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Horse Dental Problems
 By Saferaphus   •   7th Sep 2017   •   276 views   •   0 comments


Horses have a lot of teeth and a large mouth. There is a lot that can go on in there. Some of these things are similar to problems that can happen to our own teeth.

Many people have dental cavities. Most of us know that cavities form because bacteria of all types thrive in our mouths. If we donít clear the bacteria out and disrupt their plaque building activity, the plaque covering grows. Any sugar in your mouth is used by the plaque and produces acid. This acid dissolves the minerals your teeth are made of eventually causing little cracks and holes we call cavities. Does this happen to horses? Itís possible, but not very common. And, why dental cavities happen isnít really clear. One study, done in Western Australia were equine cavities are more commonly found it was the oat straw that the horses were being fed. The higher sugar content in the grain straw may result in an increase in cavities. Another risk factor was the type of water the horse had access to. Haylage and high sugar concentrates might also be a risk. Do these cavities need filling the way they would in our mouths? Not likely. A change in diet is thought to be a better solution.

So while horses may not get cavities, they can get tooth abscesses. These arenít caused by cavities but start deep in the root of the tooth. Periodontal disease or gum infections are caused by gaps between the tooth and gum where food collects. These pockets can become infected, and the infection can spread into the pulp of the tooth. So while itís not exactly like the causes that lead to a root canal in humans, it is somewhat similar. Outward signs are warm, swollen spots on the horseís cheek, dropping un-chewed food, difficulty holding a bit, drooling, a snotty nose and an unwillingness to drink water, especially if itís cold. It might be possible to look into a horseís mouth to find the infection but itís more likely imaging will need to be done. Once the problem tooth (or teeth have been found, the tooth will probably need to be pulled. The area where the tooth was pulled from is packed with antibiotics and allowed to heal. Then, once healed and healthy routine care is needed to make sure the horseís teeth stay in good shape.

Another common problem we can have are impacted teeth. In humans, itís not unusual for wisdom teeth to cause impactions. In horses, something similar called dental caps is caused by the milk teeth not shedding before the adult teeth grow in. Sometimes a horseís jaw is very crowded with teeth, and this can cause impactions. Occasionally, one or more front milk teeth stay in, causing the horse to have two rows of teeth. Sometimes a tooth bud under the gum splits before it emerges and forms two smaller teeth.This is called a supernumerary tooth and might cause crowding. In all cases, the solution is to remove the teeth that are in the way or at least float them so the horse isnít injuring the inside of its mouth, or in danger of infection.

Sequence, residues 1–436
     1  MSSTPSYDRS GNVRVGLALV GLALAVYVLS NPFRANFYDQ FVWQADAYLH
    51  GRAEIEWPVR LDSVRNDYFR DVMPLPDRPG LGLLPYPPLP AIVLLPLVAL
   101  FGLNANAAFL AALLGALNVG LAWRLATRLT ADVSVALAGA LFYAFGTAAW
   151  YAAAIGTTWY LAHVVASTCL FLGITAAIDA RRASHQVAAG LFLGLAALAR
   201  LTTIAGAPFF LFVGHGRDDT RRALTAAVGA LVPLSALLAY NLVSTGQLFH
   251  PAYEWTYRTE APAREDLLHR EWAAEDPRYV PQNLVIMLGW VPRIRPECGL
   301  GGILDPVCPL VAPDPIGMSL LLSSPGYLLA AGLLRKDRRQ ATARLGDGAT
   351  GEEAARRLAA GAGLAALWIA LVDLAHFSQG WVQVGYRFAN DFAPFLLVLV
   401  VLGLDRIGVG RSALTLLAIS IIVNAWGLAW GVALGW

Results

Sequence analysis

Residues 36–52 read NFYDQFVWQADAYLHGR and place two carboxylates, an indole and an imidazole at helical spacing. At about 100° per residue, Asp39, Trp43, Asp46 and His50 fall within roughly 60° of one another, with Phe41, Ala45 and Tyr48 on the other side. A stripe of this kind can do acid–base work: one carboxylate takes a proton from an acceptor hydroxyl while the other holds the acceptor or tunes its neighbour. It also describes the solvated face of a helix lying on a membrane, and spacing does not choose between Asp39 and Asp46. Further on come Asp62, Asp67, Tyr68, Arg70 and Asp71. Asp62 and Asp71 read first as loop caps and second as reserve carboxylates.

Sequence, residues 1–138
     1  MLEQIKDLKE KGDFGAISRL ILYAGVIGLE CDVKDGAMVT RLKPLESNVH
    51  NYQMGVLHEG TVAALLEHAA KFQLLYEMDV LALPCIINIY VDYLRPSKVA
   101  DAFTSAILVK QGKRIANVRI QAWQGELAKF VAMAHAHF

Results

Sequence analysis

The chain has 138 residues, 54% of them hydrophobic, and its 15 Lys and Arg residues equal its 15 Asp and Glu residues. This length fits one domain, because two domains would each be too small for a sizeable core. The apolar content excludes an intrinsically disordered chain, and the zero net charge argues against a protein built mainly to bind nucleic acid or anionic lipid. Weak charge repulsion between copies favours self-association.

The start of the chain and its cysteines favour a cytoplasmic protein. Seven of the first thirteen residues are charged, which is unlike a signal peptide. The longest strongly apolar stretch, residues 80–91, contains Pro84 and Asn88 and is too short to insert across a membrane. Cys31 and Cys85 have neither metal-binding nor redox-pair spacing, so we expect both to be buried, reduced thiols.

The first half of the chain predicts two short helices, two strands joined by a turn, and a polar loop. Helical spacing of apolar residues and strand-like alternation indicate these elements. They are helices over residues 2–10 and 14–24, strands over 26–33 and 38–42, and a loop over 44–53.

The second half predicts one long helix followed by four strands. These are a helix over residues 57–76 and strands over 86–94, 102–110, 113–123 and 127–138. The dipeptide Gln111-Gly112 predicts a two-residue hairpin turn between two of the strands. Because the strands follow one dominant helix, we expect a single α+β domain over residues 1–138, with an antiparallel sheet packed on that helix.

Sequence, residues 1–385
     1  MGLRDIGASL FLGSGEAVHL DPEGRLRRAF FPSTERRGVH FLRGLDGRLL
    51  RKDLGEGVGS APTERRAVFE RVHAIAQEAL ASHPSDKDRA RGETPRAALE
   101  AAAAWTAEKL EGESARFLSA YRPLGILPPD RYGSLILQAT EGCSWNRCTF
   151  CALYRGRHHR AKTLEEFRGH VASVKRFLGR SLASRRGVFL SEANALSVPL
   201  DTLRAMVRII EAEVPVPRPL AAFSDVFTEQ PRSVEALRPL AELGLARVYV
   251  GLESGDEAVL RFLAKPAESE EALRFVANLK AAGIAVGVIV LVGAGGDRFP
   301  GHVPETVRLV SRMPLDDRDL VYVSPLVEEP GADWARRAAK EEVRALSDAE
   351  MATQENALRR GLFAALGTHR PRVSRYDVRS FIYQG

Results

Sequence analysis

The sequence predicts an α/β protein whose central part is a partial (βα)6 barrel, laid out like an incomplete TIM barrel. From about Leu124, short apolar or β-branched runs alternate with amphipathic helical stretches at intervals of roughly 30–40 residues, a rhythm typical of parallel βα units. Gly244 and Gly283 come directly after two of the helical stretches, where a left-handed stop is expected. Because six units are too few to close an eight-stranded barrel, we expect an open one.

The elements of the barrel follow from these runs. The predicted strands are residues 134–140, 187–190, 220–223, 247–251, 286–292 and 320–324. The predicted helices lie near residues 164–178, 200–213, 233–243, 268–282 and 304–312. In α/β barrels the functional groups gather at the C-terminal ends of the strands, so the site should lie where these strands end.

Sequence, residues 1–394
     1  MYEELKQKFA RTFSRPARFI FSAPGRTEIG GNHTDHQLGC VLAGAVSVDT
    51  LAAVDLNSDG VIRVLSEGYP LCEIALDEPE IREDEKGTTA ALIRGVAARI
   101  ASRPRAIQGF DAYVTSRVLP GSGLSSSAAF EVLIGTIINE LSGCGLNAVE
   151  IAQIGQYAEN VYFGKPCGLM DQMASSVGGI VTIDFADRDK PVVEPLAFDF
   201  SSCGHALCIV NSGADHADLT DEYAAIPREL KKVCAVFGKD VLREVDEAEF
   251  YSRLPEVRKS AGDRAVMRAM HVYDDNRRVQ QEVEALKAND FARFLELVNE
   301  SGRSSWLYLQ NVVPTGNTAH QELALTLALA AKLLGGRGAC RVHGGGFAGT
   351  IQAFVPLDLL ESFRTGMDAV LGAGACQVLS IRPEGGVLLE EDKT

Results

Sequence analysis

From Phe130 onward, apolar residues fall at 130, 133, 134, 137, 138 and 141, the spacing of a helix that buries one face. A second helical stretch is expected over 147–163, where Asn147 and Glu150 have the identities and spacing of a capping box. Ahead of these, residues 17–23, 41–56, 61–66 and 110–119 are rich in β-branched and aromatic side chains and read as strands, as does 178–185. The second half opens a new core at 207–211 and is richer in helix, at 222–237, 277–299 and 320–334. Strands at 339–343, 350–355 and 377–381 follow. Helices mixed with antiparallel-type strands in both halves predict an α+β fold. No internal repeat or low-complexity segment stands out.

Horses can have overbites, called parrot mouths, or underbites, called monkey mouths, like humans. There are no dental braces for horses to straighten their teeth, so aside from regular maintenance not much can be done. If you think itís hard to get a kid to remember to wear a retainer, forget it with a horse. It is possible to float the teeth back to make the horseís mouth look better, but it generally isnít done. These horses might have problems cropping grass, so attention has to be paid to their overall condition and ability to chew properly.

A blow to the mouth or biting down on something very hard can cause a tooth to crack or chip, just as with our own teeth. If the damage is very bad, the tooth will probably need to be removed. Leaving could lead the way to infection. Some cracks or chips donít present a problem and can be left.

While we might grind our teeth, wearing them thin, a horseís diet causes most of the wear and tear on their teeth. If they grind their teeth so there are sharp edges, hooks or wear them completely flat, they may not be able to chew their food properly. This leads to a danger of choke, a sore mouth or even colic and poor condition. Unfortunately, horseís can't be fitted with bite plates like we can. Thatís why itís essential to have a horseís mouth checked at least once a year and the teeth filed.
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